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A combined framework of machine learning and full waveform inversion for electromagnetic sensing of infrastructure (Advert Reference: SF19/EE/MCE/WARREN)


Faculty of Engineering and Environment

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Dr C Warren , Prof James Martin Applications accepted all year round Self-Funded PhD Students Only

About the Project

Electromagnetic sensing systems, such as Ground Penetrating Radar (GPR), are critical tools to allow us to evaluate the condition of surface and sub-surface infrastructure. They are used for a wide variety of infrastructure and geophysical applications, including: assessment of bridges, roads, and railways; location of buried utilities; ice profiling and glaciology; and groundwater and soil condition monitoring.

The interpretation of data from such microwave sensors still relies on human experience, which often makes it subjective and error-prone. Full waveform inversion (FWI) – which can produce high-resolution electromagnetic models – can greatly assist with solving this problem, but has yet to see widespread adoption. Key reasons for this are that: FWI requires an accurate forward solver that is able to model the complex environments that microwave sensors are used in; and FWI is incredibly computationally demanding requiring many forward simulations to converge to a solution. Recently, however, much progress has been made both on the capabilities and performance (through GPU execution) of the forward solver, as well as the use of machine learning. It has been demonstrated that deep neural networks can be trained to simulate data in the same way as a forward model, and execute using a fraction of computational resource.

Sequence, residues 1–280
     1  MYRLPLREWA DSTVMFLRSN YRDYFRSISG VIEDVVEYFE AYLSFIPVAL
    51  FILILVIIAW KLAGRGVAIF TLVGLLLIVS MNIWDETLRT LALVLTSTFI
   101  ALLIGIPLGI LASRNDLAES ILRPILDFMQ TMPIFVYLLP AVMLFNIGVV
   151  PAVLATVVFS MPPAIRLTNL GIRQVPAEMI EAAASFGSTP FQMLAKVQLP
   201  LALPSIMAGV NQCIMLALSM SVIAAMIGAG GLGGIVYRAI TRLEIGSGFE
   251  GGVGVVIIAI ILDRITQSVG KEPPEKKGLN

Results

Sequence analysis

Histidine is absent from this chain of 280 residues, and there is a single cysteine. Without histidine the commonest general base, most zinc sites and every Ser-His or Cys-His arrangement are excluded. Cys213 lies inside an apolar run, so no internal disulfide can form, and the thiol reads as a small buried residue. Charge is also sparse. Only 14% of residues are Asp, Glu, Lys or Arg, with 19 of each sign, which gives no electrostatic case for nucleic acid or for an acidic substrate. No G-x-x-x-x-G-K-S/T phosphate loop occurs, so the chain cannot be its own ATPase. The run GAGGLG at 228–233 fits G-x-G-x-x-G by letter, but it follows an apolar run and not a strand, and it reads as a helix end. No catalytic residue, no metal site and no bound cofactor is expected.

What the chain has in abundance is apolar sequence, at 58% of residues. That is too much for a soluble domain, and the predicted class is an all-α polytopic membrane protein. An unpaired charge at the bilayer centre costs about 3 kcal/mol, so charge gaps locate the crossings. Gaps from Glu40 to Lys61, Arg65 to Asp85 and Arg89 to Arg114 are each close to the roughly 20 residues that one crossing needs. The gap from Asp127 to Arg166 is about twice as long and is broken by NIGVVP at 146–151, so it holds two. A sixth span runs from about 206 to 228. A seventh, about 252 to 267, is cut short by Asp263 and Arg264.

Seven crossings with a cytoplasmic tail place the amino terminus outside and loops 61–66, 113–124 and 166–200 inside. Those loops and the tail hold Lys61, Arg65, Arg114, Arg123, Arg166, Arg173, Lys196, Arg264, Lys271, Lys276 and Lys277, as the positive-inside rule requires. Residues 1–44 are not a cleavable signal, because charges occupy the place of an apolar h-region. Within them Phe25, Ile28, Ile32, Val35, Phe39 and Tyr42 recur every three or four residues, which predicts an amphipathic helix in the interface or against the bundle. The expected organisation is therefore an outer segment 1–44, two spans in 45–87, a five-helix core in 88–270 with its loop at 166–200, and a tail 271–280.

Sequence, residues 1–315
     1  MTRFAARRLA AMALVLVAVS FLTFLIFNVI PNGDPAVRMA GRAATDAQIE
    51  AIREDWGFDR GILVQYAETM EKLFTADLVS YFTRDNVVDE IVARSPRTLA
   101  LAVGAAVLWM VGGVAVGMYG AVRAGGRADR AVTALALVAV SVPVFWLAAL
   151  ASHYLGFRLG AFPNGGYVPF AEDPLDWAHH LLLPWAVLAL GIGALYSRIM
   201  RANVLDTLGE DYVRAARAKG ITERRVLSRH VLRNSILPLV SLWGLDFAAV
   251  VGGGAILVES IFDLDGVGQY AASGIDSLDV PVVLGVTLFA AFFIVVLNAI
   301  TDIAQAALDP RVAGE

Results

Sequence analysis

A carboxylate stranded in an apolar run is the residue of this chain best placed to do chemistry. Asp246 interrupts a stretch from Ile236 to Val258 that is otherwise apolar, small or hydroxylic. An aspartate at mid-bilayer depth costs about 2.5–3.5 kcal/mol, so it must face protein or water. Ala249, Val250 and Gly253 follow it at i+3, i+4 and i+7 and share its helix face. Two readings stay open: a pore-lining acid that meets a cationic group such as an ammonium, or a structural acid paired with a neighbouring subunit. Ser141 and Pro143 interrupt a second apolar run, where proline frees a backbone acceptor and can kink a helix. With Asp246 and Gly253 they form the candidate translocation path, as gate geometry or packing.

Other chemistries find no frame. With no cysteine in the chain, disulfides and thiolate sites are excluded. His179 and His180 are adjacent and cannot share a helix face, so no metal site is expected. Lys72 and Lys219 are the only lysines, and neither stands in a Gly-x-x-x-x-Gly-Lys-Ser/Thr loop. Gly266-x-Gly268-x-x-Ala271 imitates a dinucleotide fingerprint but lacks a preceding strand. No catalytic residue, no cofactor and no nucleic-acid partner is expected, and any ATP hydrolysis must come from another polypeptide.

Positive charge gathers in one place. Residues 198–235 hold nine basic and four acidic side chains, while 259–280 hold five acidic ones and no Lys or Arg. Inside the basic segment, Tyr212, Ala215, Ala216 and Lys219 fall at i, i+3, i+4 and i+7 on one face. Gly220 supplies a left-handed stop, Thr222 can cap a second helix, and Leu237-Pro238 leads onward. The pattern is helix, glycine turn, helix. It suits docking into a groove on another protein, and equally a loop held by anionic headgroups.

The project will combine numerical modelling, using open source electromagnetic modelling software gprMax (http://www.gprmax.com), full waveform inversion, and machine learning. An inversion framework will be developed that is based on a machine learning approach, and will be applied to one or more of the aforementioned application areas. It is a highly multi-disciplinary area of research, involving civil engineering, electrical engineering, geophysics, and high-performance computing.

This project is supervised by Dr Craig Warren.

Please note eligibility requirement:
• Academic excellence of the proposed student i.e. 2:1 (or equivalent GPA from non-UK universities [preference for 1st class honours]); or a Masters (preference for Merit or above); or APEL evidence of substantial practitioner achievement.
• Appropriate IELTS score, if required.

For further details of how to apply, entry requirements and the application form, see
https://www.northumbria.ac.uk/research/postgraduate-research-degrees/how-to-apply/

Please note: Applications that do not include a research proposal of approximately 1,000 words (not a copy of the advert), or that do not include the advert reference (e.g. SF19/EE/MCE/WARREN) will not be considered.

Start Date: 1 March 2020 or 1 October 2020

Northumbria University takes pride in, and values, the quality and diversity of our staff. We welcome applications from all members of the community. The University holds an Athena SWAN Bronze award in recognition of our commitment to improving employment practices for the advancement of gender equality and is a member of the Euraxess network, which delivers information and support to professional researchers.


Funding Notes

This is an unfunded research project.

References

Giannakis, I., Giannopoulos, A., & Warren, C., 2018, “A Machine Learning Based Fast Forward Solver for Ground Penetrating Radar with Application to Full Waveform Inversion”, IEEE Transactions on Geoscience & Remote Sensing
• Warren, C., Giannopoulos, A., Gray, A., Giannakis, I., Patterson, A., Wetter, L., & Hamrah, A., 2018, “A CUDA-based GPU engine for gprMax: open source FDTD electromagnetic simulation software”, Computer Physics Communications
• Warren, C., Giannopoulos, A., & Giannakis I., 2016, “gprMax: Open source software to simulate electromagnetic wave propagation for Ground Penetrating Radar”, Computer Physics Communications, 209, 163-170


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